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China's Energy and Security Relations with Russia: Hopes, Frustrations and Uncertainties
Linda Jakobson, Paul Holtom, Dean Knox and Jingchao Peng
SIPRI Policy Paper no. 29
ISBN 978-91-85114-66-5


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The leaders of China and Russia like to speak in public of the strategic partnership between the two countries, based on mutual interests and trust. In reality, the two cornerstones of the relationship—arms sales and energy cooperation—are crumbling. China has not placed a significant order for Russian arms since 2005 and buys only a fraction of its energy imports from Russia.

This timely report illuminates the current status of China’s security and energy relations with Russia. The authors describe a relationship that is complex and at times fraught with distrust, and which, although potentially promising, is increasingly marred by uncertainties.

Read the press release here


Contents

1. Introduction
2. The strategic partnership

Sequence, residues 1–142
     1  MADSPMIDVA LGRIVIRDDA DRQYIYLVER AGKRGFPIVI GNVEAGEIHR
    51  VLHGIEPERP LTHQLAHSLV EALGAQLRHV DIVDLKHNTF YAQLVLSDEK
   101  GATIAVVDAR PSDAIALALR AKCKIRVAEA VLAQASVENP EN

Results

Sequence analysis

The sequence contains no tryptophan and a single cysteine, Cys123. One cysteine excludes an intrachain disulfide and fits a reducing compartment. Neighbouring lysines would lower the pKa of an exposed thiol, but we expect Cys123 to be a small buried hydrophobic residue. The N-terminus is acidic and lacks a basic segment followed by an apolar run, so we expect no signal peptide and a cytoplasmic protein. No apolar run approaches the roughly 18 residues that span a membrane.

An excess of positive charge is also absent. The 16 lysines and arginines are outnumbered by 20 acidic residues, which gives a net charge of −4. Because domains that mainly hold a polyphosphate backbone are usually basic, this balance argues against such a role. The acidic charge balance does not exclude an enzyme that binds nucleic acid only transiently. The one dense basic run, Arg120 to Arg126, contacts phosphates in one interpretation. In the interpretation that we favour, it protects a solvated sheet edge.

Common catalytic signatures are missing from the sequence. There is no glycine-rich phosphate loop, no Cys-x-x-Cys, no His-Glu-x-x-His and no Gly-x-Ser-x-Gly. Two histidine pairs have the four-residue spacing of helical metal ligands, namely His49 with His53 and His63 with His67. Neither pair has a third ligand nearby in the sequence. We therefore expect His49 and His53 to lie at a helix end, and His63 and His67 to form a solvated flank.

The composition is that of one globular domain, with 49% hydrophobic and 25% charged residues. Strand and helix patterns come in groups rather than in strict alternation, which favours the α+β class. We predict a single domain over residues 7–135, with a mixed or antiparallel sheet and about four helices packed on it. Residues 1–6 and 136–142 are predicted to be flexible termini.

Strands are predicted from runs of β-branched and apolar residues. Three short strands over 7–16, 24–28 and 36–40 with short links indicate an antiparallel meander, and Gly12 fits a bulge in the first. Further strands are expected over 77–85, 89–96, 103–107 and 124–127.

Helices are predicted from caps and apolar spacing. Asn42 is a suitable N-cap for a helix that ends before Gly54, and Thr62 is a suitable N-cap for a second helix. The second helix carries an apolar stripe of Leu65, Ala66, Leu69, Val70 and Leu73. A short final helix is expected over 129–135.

3. Military cooperation
4. Energy cooperation
5. Conclusions


About the authors

Linda Jakobson (Finland) is East Asia Program Director at the Lowy Institute for International Policy, Sydney. Until April 2011 she was Director of the SIPRI China and Global Security Programme, based in Beijing, where she had lived and worked for nearly 20 years.

Dr Paul Holtom (United Kingdom) is Director of the SIPRI Arms Transfers Programme. His research interests include arms transfers to and from the states of the former Soviet Union and transparency in international arms transfers.

Dean Knox (United States) is a doctoral student in political science at the Massachusetts Institute of Technology (MIT). Until April 2011 he was a Research Assistant with the SIPRI China and Global Security Programme.

Jingchao Peng (China) is a Research Assistant with the SIPRI China and Global Security Programme. His current research interests include China’s policy on the Arctic.


Publisher: SIPRI
ISBN 978-91-85114-66-5
viii+43 pp.
October 2011
Price: €7.50 per copy plus €5 shipping and handling per order



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